Hailing from one of the largest cities in Massachusetts, it was an auspicious day for everyone when PVRIS decided to form. The band was originally called Operation Guillotine, and featured a completely different line-up – until only Lyndsey Gunnulfsen, Alex Babinski and Brian Macdonald were left.
The three friends then went on to create what is now called PVRIS, with the release of their first ever EP. Entitled Paris, this EP became the stepping stone for the trio that would eventually lead them out of the country and into the wide world beyond.
It wasn’t until a year later, however, in 2014, when PVRIS finally recorded and released their first ever studio album, White Noise.
White Noise consists of commercial hits, such as “My House” and “St. Patrick”, as well as a couple of non-single tracks that earned the band more fame than the actual singles. It was their debut album, and became their ticket to stardom within the music scene. Touring across the country and – eventually – abroad finally became a possibility.
As can be expected, PVRIS also won several awards for the debut, for the way it was constructed as a concept album: White Noisefeatured a music video for each song, every video eventually coming together to form a complete story. Three years after the debut, PVRIS have finally released their second studio album, All We Know Of Heaven, All We Need Of Hell.
Of course, the band hasn’t been completely idle in those three years – they re-released White Noise as a deluxe edition with some new songs, and have been touring the world ever since. With a full schedule on their laps, PVRIS are now ready for round two.
The first single that was released for All We Know Heaven, All We Need Of Hell was “Heaven”. It premiered in April, four months before the album was expected to come out. It’s a song that sets the scene of the album, as it also happens to be the first song on the track listing.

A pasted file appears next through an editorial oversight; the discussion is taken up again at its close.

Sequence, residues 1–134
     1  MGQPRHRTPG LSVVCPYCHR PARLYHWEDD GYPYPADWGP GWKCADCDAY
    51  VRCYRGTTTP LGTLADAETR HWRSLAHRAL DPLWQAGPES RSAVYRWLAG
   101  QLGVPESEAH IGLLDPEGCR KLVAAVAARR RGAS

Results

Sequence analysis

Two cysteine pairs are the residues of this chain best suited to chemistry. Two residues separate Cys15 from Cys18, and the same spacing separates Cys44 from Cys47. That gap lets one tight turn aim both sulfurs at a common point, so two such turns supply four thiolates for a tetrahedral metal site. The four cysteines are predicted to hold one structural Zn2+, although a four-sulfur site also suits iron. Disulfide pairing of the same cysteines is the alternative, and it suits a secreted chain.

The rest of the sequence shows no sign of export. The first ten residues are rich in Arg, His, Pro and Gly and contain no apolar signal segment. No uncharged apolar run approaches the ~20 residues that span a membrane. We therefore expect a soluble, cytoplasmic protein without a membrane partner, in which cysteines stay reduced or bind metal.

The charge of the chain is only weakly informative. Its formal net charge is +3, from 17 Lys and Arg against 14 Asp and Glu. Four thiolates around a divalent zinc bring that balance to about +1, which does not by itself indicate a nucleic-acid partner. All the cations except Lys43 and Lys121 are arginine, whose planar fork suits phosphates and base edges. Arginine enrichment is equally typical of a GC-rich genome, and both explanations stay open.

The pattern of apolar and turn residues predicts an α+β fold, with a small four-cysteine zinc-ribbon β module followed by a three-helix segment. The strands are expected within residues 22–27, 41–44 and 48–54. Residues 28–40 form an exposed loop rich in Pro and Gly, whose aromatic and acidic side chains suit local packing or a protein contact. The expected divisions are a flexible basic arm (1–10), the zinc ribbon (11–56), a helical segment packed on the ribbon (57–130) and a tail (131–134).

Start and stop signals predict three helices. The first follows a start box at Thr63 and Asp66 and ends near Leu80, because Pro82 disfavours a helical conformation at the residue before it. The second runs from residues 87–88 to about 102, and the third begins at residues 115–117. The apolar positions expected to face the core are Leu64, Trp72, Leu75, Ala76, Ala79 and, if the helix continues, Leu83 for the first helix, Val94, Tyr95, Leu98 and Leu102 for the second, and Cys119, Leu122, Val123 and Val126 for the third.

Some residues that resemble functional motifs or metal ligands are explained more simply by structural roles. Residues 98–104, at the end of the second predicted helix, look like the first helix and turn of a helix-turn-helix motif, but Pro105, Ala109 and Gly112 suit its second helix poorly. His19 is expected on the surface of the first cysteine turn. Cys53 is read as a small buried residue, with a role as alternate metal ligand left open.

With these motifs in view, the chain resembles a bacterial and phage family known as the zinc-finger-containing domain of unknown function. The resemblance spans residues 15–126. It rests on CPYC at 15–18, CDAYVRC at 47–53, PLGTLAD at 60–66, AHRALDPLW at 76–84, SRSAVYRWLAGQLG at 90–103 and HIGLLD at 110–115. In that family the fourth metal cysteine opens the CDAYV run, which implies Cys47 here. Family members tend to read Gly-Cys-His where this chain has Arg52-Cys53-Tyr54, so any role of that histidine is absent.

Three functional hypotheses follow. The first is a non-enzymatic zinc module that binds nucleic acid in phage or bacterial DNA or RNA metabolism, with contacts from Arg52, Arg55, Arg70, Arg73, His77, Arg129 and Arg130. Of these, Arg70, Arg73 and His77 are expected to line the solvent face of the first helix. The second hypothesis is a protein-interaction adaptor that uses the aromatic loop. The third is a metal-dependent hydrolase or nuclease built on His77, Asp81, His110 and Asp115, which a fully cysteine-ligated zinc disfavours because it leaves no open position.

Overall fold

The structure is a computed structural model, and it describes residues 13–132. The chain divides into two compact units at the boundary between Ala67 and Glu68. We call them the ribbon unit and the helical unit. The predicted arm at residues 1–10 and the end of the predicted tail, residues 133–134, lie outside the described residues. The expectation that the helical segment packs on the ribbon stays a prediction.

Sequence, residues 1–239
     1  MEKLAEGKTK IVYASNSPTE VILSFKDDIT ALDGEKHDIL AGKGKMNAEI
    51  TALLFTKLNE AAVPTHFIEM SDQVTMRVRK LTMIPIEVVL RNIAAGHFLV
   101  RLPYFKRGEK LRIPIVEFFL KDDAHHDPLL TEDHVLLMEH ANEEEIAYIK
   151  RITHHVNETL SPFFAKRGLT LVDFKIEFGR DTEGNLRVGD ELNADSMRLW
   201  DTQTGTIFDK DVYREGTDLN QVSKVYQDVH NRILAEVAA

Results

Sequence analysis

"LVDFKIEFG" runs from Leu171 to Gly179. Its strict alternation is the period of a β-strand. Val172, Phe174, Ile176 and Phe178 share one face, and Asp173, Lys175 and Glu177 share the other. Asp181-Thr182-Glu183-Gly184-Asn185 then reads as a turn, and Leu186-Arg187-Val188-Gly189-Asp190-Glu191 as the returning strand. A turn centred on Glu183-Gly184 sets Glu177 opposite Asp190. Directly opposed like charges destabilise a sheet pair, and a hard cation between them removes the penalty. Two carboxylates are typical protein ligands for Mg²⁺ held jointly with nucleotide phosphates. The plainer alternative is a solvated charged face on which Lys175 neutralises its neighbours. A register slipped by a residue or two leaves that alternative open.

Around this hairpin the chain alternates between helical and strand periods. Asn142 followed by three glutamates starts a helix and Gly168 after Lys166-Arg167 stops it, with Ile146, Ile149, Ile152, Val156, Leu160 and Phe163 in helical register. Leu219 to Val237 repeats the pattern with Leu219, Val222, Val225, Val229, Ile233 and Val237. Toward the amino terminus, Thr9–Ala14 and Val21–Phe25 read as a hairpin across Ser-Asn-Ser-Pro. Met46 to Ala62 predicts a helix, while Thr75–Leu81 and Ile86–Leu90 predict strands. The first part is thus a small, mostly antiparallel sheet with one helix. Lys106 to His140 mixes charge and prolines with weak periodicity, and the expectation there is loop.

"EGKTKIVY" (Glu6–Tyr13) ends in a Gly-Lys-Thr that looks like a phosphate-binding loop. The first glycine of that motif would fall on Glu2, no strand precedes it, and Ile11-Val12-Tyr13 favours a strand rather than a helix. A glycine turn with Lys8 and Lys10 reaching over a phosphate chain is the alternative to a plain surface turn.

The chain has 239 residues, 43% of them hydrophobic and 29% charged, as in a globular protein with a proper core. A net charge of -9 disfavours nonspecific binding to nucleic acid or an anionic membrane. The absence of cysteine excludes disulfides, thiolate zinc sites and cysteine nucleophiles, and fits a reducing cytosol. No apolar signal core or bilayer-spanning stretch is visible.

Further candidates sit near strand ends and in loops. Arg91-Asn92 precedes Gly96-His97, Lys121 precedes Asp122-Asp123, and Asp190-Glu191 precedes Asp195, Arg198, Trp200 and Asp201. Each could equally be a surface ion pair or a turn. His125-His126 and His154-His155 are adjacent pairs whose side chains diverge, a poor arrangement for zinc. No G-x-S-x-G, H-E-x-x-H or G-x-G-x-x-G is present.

The repeated chorus of “you took my heart/you took my heaven away” coupled with the first verse, “I think we were cursed from the start/second I let you into my heart“, perfectly paints a picture of star-crossed lovers – but this time, the relationship was sabotaged from within, not from without, a theme that seems to be pretty prevalent throughout the rest of the songs.
“Same Soul” is another song that follows the same theme and structure – the chorus claims “I’m just a body that you used to know / I’m just somebody that you used to know” and goes a step further and mentions the possibility of love in different lifetimes: “I think we’ve loved a thousand lives / I try to find you every time/searching for those same wide eyes”. The concept of lost love is common. The contrast between softer verses followed by Lyndsey screaming the chorus perfectly displays the grief present in the lyrics.
The second single, “What’s Wrong”, is decidedly angrier and takes a swing in a completely different direction. Here, instead of singing about losing love, PVRIS writes about losing oneself.
The song itself starts with a simple litany of “this skin don’t feel like home” and leads into a chorus that repeatedly intones “don’t need a metaphor for you to know I’m miserable“. The bridge breaks off into a mantra of “no, I never sold my soul“, letting us know exactly what the song is about.
The earlier theme of a relationship burning out from within is revisited in “Winter”, a song that starts a lot softer and eventually turns angry and fast. It starts off rather bluntly with “all we did was suffer / you were just physical touch/not necessarily love” and leads into a fiery chorus of “can you burn a fire in my flesh? / ’cause your love’s so cold I see my breath”.
The band’s progression from White Noise to All We Know Of Heaven, All We Need Of Hell is a gradual and subtle thing. There is obvious growth in both musical and lyrical content, but PVRIS still managed to maintain a sound that can be called ‘theirs’ and that has them dominating the music scene in a way that is both remarkable and innovative.
It is especially important to note their success and fame with regards to the lead vocalist, Lyndsey Gunnulfsen, being a gay woman. Hers – and the band’s – is a message that echoes and will hopefully go on to inspire and motivate young women, especially those that are part of the LGBTQ community and at times have felt threatened by their own existence.
Words by Qurat-ul-anne Sikander